He mulled over the idea for a while, and brought it back to the table a couple of years ago. McCally and Lee worked on the concept of the show and molded it into its current form: Instead of focusing on junior league players and host families, the stars of the show are the parents of hockey kids of all ages, specifically in Minnesota.
McCally and Lee began pitching the show in the spring of 2014, hoping to find a national audience. They held an open casting call before the show had a home, and found a family to showcase from northern Minnesota’s Iron Range.
But nationally, nobody bit. McCally and Lee were told that hockey doesn’t appeal to a wide enough audience. As a pair of Minnesotan hockey devotees, McCally and Lee didn’t agree—and they began pitching the show locally, where they knew viewers would have hockey hearts as big as their own.
Sure enough, the concept of showcasing real hockey families during the ups and downs of the season had more appeal in the local market. With so many hockey families in the state of Minnesota, there is a built-in audience that can relate to the lives they see onscreen, both on and off the ice. “We think people are tired of the stereotypical reality show,” McCally says. “They have become so phony. There is so much of it that is yelling and screaming and fighting. We can still make an entertaining television show and do it in what we consider a docu-series type of show.”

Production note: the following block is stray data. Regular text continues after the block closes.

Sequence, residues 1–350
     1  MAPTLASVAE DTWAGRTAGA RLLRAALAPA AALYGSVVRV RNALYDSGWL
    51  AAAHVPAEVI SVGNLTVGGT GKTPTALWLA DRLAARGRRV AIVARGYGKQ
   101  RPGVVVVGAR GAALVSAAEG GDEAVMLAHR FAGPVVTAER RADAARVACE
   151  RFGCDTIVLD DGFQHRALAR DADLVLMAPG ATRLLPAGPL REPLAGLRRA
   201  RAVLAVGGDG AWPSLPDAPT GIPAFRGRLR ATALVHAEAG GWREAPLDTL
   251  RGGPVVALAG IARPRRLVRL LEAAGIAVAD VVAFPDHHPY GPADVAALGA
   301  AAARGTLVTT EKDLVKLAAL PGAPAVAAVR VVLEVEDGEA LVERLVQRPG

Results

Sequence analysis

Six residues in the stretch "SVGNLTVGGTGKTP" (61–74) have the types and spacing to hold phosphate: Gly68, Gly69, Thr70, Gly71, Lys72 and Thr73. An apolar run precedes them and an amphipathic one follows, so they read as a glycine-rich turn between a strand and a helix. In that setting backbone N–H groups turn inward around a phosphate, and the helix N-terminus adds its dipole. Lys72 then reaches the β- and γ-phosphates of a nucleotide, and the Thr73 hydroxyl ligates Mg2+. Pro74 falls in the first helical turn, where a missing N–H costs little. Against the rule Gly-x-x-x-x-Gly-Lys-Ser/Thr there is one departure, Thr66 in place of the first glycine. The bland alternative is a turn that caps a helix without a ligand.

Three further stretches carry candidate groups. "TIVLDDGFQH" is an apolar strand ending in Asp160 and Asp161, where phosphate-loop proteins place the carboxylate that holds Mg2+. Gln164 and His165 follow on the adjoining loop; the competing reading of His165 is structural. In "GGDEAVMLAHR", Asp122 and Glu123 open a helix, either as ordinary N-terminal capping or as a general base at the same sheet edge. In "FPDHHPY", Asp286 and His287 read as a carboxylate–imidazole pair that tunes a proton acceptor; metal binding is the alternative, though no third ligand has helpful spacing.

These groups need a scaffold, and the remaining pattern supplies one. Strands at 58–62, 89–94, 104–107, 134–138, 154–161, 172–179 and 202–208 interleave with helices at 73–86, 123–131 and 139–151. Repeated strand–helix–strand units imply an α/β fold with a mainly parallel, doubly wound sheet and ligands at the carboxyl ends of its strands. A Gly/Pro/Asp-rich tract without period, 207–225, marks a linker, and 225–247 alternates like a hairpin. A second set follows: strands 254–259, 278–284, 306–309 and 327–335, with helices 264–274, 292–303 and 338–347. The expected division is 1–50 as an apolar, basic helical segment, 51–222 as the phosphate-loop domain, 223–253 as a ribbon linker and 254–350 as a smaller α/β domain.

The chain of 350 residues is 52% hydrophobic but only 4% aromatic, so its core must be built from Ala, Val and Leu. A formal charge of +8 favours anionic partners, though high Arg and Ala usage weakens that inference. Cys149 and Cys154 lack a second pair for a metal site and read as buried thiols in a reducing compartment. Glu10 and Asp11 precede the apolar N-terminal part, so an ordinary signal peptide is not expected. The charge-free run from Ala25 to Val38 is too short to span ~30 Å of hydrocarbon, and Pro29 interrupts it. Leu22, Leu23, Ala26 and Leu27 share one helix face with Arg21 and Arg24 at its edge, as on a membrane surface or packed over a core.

With the success of The Minnesota Traveler, McCally says the pair has developed more credibility locally, which helped them find a home for Hockey Moms on 45TV. (The station also airs the state high school hockey tournament.) Their team held an open casting call during the summer of 2015 to find starring families that would be a perfect fit.
The criteria for the casting call was varied: How many kids are in the family? How many play hockey, and at what level? McCally and Lee wanted to find just the right mix of personalities for the show. And, of course, there’s a focus on positivity. “There’s just a great experience that people go through in this sport that we are trying to capture,” Lee says. “It’s not going to be all this negativity. There’s enough good, entertaining material where we don’t need 20 minutes of every episode with someone yelling.” The producers believe that there’s plenty to engage audiences already built into the lives of youth hockey players, without a souped-up reality show mentality.
Hockey Moms premiered in December and currently airs on 45TV on Sundays at 6:30 p.m.